USSR People's Commissar of the Interior Lavrenty Beria with Joseph Stalin's daughter Svetlana.RIA Novosti
According to the laws of the Russian Federation, information in state archives can remain classified for no longer than 30 years. However, as the historian Sergei Kudryashov put it in his interview with Radio Echo Moscow, there is no punishment for withholding declassified data, and so several governmental agencies prefer to keep their archives closed.
The Federal Security Service (FSB) - the successor of the Soviet Union’s OGPU, NKVD and KGB is no exception. There still are many secrets connected with the activities of Soviet intelligence, and the state is in no rush to reveal them. Here are some of the most interesting cases.
The fate of Raoul Wallenberg
Raoul Wallenberg while serving as Sweden's special envoy in Budapest, Hungary, in 1944. / Getty Images
Swedish diplomat Raoul Wallenberg worked in Hungary in 1944-1945 during the final years of World War II. Eager to save as many lives as possible, Wallenberg provided people of Jewish origin with Swedish passports and sheltered the refugees in houses rented by the embassy. His actions saved thousands from death, and so today Wallenberg is one of the most well-known Righteous among the Nations.
His tragic encounter with Soviet agents happened in early 1945, during the siege of Budapest by Soviet forces. Wallenberg visited Marshal Rodion Malinovsky, the head of the offensive against Budapest and was arrested by officials of the SMERSH counter-intelligence organization and charged with spying. That was the last time he was seen alive.
In 1957, Soviet Minister of Foreign Affairs Andrei Gromyko handed the Swedish Ambassador a document stating that Wallenberg, who allegedly had been held in Lubyanka prison in Moscow, died in 1947 of a heart attack. It was the first time the Soviet Union recognized that Wallenberg met his end in Moscow, but the reasons remain unclear even today. According to official sources, the interrogation records disappeared.
Many people doubted that the document provided by Gromyko was genuine; there had been many “witnesses” claiming that Wallenberg was still alive in the 1950s, and was living in a Soviet concentration camp or even managed to escape. Only in 2016 Wallenberg was officially declared dead by the government of Sweden. On July 26, Wallenberg’s family filed a lawsuit against Russia's FSB, demanding access to documents related to his death.
Lavrenty Beria. / AP
Lavrentiy Beria, the NKVD chief from 1938 to 1945 and curator of the Soviet nuclear program, hardly has anything in common with Raoul Wallenberg, except for the fact that Soviet secret services were involved in both their deaths. After Stalin’s demise in 1953, Beria, who was infamous for his intrigues and masterminding bloody repressions, lost out in a power struggle with other Soviet leaders (Georgy Malenkov and the future ruler Nikita Khrushchev). This meant the end not only of his career but his life as well.
Accused of spying for the United Kingdom and the falsification of numerous criminal cases, Beria was sentenced to death on Dec. 23, 1953 and executed on the same day – at least, this is the official version. However, some historians believe there was no trial at all and that the once all-powerful secret police chief was shot on the day of his arrest (July 26, 1953) and that his rivals fabricated the whole case in order to present their actions as legal.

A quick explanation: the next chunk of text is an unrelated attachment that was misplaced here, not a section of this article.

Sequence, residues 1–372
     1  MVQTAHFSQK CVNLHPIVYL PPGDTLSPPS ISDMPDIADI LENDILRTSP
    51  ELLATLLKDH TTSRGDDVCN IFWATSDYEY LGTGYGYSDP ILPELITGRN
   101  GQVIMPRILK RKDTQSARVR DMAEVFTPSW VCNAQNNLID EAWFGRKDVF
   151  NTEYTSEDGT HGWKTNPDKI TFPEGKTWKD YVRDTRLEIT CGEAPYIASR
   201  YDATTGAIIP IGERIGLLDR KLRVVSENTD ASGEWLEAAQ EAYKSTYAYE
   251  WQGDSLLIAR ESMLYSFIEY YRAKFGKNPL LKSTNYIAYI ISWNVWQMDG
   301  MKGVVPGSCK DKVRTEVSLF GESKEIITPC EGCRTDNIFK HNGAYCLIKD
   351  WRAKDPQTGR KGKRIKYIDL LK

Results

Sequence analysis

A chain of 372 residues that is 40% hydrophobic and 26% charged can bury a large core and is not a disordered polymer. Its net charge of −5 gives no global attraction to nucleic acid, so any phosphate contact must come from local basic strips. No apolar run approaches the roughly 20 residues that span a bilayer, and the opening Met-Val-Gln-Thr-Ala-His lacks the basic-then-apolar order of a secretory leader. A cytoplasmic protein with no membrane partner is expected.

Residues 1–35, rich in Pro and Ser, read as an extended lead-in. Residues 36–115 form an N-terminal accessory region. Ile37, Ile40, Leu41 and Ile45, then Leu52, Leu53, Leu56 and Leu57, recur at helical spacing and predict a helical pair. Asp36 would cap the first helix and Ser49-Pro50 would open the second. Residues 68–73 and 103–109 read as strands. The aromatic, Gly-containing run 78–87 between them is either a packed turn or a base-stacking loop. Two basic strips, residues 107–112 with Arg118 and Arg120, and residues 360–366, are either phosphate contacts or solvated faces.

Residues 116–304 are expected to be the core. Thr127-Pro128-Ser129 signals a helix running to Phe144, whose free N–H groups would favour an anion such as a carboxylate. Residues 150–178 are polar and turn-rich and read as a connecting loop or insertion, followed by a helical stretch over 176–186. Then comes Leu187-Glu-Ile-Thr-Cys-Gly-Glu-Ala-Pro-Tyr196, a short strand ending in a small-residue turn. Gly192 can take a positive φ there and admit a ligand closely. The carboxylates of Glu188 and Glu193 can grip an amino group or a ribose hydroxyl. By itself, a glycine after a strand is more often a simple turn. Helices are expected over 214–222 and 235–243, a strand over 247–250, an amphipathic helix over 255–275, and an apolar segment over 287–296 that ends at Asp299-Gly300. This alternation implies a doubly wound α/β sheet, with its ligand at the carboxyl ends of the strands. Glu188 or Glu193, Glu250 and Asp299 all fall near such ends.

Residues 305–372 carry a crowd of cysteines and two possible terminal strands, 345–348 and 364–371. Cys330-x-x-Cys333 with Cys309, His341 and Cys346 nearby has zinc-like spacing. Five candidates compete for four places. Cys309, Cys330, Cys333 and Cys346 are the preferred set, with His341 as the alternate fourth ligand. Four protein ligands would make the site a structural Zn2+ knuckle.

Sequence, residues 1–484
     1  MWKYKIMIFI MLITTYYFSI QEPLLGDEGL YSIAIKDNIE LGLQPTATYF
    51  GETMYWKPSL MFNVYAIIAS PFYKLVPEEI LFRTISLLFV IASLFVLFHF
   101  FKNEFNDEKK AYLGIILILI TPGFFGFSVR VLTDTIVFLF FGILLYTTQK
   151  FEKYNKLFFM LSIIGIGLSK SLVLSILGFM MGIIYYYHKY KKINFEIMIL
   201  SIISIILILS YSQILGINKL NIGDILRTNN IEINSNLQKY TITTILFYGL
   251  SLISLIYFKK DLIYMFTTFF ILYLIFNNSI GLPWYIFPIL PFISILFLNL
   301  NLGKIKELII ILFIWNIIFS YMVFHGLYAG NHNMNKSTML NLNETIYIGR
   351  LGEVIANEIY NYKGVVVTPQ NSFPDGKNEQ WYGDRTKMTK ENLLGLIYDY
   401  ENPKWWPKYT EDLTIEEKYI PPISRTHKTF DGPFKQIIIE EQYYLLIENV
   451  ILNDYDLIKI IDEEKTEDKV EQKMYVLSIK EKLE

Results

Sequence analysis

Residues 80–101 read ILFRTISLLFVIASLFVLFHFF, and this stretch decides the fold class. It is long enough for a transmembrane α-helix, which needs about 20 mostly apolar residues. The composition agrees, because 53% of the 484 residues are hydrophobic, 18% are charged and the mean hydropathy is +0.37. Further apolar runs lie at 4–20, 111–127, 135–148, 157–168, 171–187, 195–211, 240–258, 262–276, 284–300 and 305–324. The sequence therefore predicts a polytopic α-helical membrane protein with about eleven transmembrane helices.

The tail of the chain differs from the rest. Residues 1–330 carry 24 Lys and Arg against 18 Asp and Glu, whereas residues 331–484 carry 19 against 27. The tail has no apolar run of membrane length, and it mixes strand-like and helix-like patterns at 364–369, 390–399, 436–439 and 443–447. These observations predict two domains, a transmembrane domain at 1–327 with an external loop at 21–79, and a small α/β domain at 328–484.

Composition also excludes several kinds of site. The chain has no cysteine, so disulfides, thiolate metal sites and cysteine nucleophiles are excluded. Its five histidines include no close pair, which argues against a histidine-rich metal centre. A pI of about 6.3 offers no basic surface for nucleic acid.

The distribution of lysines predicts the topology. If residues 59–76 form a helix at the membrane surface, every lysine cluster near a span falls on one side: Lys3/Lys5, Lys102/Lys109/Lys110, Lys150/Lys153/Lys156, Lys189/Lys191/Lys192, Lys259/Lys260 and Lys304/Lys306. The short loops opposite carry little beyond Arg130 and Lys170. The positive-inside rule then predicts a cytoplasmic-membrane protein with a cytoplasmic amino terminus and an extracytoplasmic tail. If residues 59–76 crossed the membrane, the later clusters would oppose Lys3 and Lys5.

This version, depicted in the 2014 film, Lavrentiy Beria. Liquidation, is based on the fact that Khrushchev, Malenkov and other Soviet leaders who had Beria arrested, each described the events differently. Also, nobody ever mentioned where exactly Beria was executed and buried. The death of one of Stalin’s most notorious henchmen remains a mystery, and even if his former colleagues from the Soviet secret services knew the truth, they’d never reveal it.
Chekists and mysticism
Gleb Bokii. / Archive Photo
Unlike Hitler’s secret services, which had several units dealing exclusively with paranormal activities (Ahnenerbe), Soviet intelligence was predominantly skeptical about mysticism; believing in the supernatural was considered senseless and, worse, anti-Marxist. On the other hand, there were some exceptions.
One of them was Gleb Bokii, an agent of the Cheka-OGPU (these are different names for the same Soviet secret police) from 1921 through 1934. Not only was Bokii a founder of the Soviet concentration camps system, he also was interested in paranormal activities and communicated with mystics within the special OGPU department that he headed.
Together with occultist Alexander Barchenko, Bokii even tried to organize a Soviet expedition to Tibet in search of the legendary country, Shambhala. However, the government declared such an expedition a waste of time and money, and the project was canceled. Both Bokii and Barchenko were executed in the Great Purge of the late 1930s.
Since that time, the NKVD, KGB and other Soviet secret services deny any involvement in the paranormal. However, in Russia, just like elsewhere, those who believe in the supernatural are sure that there are closed archives filled with information on aliens, ancient mysteries and other signs of supernatural life.
Read more: Why were so many Russians once communists?